Stamping Git SHAs into Your Binaries

Have you ever looked at a binary from a project you wrote and asked, "Where the hell are the sources for this?" Well, I'm about to make your life (and the lives of your customers) a bit easier. I'm going to show you how to write the Git SHA1 for each commit directly into the resulting binaries.

If your build is anything like Roslyn you may have a half dozen different branches, each with their own little modifications, each of which get built occasionally for testing or prerelease validation. Often I'll find Roslyn binaries randomly floating in a share somewhere or attached to a bug report with little to no context. While we do have carefully incremented version numbers in our builds, it can be a challenge to even reverse engineer a version into a specific source code commit. If each branch doesn't have its own versioning scheme it's possible that two branches could produce binaries with the exact same version, even if they came from completely different source code. Solution: write the commit SHA directly into the binary. Then you'll always know exactly what code was used to build the binary. This guide will be targeted at people building .NET applications, but I'll give general advice where applicable and you can choose what makes sense for your build.

The first question is, where in the binary do we write the SHA? My answer is: wherever it's easiest to see. For console programs, that may mean including the SHA in the output from a --version flag. For most programs, I think the file metadata, as displayed by a common file system browser on your preferred OS, is the most accessible tag. Specifically, for .NET programs I like using the AssemblyInformationalVersionAttribute. This tag

  1. Is only specified as a block of text, making it perfect for human-readable unstructured data.
  2. Is viewable by default in the Windows File Explorer both in the file listing view and in the properties window.
  3. Is easily accessible by .NET code via reflection.

Here's what it looks like in File Explorer with details expanded:

File explorer screenshot

For Unix-like systems I would probably try to use extended file attributes, although an exact analog is hard to come by because this is not exactly standardized across POSIX systems.

Once you've figured out where to put the SHA, you need to retrieve the SHA in the first place. Now I know what you're thinking: "well that's easy, I'll just shell out to git and run a quick git rev-parse HEAD...". Nuh-uh. Let's assume that Git is installed on the machine—what makes you think it's available on the path? As I found out quite quickly when I implemented this for Roslyn, there are a lot of instances where someone may be building your code (like in a build lab) that checks out the Git repository, but doesn't build with Git on the path. Instead, I found that the most robust method is to either pass the SHA through an environment variable generated by the build environment, or to grab the SHA directly out of the Git object directory. Don't worry, I won't leave you flailing; here's the Roslyn MSBuild logic for finding and reading the Git SHA (sorry about the XML).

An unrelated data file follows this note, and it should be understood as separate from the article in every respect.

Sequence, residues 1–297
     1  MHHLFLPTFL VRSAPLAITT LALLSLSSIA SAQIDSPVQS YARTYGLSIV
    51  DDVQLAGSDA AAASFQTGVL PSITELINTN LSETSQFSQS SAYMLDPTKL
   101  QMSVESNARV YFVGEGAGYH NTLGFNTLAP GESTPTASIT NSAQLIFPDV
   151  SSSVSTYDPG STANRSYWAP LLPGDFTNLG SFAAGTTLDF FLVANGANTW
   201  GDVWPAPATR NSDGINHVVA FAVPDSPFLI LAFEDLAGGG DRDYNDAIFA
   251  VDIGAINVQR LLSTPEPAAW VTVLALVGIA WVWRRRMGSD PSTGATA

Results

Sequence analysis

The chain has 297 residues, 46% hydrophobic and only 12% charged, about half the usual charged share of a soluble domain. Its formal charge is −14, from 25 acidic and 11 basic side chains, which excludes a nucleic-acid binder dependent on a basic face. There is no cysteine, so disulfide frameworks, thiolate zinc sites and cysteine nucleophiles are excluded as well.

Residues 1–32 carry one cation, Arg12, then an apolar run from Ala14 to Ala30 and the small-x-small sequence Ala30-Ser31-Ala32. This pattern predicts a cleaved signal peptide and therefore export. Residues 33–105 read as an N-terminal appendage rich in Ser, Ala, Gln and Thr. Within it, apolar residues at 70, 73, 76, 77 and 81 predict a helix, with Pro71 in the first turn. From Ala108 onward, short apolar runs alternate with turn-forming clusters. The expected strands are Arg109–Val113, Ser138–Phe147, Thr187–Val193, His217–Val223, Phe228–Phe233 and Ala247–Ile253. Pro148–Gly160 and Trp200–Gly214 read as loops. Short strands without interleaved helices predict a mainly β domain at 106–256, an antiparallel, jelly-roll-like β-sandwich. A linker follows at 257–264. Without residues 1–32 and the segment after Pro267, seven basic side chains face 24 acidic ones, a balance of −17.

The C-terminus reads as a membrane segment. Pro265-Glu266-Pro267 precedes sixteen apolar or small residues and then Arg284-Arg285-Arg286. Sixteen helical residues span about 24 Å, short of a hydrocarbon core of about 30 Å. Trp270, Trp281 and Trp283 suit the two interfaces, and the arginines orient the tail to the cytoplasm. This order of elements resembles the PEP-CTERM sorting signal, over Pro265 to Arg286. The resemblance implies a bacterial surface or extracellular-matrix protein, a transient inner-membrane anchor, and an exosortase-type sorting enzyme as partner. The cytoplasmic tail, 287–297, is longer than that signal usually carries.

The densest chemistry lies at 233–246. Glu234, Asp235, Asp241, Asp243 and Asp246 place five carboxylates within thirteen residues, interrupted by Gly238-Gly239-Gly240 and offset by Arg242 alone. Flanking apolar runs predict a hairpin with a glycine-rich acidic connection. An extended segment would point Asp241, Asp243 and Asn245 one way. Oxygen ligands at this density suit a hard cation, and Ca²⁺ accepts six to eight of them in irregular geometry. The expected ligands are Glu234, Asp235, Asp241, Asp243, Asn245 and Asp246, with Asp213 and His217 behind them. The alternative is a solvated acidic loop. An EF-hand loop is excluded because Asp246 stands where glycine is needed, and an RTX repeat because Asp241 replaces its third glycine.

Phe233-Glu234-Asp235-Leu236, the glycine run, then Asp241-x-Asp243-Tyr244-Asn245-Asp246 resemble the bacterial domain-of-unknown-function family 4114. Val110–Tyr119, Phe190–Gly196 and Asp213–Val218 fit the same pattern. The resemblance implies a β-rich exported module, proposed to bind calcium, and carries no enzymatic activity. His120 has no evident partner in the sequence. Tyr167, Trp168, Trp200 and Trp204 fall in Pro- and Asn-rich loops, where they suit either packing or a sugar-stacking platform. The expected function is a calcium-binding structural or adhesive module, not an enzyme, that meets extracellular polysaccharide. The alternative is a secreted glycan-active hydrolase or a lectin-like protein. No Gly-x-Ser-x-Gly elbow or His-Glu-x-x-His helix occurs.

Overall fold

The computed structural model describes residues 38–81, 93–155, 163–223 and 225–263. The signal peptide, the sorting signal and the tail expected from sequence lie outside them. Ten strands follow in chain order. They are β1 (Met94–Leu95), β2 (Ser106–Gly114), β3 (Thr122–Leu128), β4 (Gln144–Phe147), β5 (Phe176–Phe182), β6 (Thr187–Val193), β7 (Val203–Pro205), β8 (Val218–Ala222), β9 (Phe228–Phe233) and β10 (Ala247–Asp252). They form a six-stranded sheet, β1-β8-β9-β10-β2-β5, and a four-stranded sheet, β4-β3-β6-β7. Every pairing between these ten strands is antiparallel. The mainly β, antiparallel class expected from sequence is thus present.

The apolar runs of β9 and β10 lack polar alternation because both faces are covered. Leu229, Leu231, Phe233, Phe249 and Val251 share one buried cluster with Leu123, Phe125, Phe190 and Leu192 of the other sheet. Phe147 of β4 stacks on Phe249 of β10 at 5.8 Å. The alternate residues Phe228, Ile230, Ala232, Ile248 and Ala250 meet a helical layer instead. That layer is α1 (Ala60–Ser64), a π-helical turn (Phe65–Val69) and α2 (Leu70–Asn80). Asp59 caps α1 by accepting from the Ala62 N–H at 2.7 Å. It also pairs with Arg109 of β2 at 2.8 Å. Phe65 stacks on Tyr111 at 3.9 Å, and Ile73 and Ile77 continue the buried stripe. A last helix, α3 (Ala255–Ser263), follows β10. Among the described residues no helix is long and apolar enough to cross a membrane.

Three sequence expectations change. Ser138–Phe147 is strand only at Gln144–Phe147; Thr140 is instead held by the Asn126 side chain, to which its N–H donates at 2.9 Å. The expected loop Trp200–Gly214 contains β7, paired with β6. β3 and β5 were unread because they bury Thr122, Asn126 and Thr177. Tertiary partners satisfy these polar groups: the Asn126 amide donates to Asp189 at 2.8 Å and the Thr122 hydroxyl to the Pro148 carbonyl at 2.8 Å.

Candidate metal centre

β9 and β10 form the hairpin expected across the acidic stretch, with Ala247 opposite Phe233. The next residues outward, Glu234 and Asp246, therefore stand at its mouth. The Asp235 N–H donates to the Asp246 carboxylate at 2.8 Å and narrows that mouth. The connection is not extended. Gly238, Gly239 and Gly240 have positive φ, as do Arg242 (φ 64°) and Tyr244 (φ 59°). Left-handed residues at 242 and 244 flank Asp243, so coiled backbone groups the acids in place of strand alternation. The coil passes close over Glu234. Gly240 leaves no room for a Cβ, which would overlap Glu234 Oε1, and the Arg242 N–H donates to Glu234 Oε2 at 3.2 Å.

<When Condition="'$(BUILD_SOURCEVERSION)' != ''">
<When Condition="'$(BUILD_SOURCEVERSION)' == '' AND '$(GIT_COMMIT)' != ''">
    <GitHeadSha>Not found</GitHeadSha>
    <HeadFileContent Condition="Exists('$(DotGitDir)/HEAD')">$([System.IO.File]::ReadAllText('$(DotGitDir)/HEAD').Trim())</HeadFileContent>
    <RefPath Condition="$(HeadFileContent.StartsWith('ref: '))">$(DotGitDir)/$(HeadFileContent.Substring(5))</RefPath>
    <GitHeadSha Condition="'$(RefPath)' != '' AND Exists('$(RefPath)')">$([System.IO.File]::ReadAllText('$(RefPath)').Trim())</GitHeadSha>
    <GitHeadSha Condition="'$(HeadFileContent)' != '' AND '$(RefPath)' == ''">$(HeadFileContent)</GitHeadSha>

It's a little verbose, but should be pretty straight-forward. We first try to read the SHA directly out of the refs file in .git/HEAD prefixed with the text ref:. Otherwise we assume a format called a "packed ref", on which I won't go into detail here. It's basically a pointer to another file, so we just read the new file and use the content from the second file. Afterwards, the GitHeadSha param is passed to <AssemblyInformationalVersionAttribue>, where it flows into the binary.

With that I'll leave you to try this yourself, and hopefully your days of playing source-code-detective are over.